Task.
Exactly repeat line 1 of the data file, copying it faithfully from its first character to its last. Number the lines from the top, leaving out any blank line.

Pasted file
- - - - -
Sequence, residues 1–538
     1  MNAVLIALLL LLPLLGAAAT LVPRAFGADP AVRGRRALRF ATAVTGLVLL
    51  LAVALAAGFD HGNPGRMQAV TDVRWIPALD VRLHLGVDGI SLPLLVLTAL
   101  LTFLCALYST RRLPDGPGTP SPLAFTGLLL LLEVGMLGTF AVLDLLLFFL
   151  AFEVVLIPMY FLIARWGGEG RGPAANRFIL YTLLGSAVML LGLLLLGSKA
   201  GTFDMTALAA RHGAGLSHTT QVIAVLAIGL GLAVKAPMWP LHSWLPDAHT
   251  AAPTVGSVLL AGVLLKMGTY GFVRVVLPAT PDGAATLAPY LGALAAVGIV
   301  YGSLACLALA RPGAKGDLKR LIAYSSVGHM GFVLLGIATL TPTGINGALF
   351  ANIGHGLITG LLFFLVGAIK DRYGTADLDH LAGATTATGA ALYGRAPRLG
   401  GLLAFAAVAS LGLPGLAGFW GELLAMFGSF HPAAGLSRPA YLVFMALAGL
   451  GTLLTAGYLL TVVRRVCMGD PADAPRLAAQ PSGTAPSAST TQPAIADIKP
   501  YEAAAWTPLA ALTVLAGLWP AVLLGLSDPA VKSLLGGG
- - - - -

Sequence, residues 1–538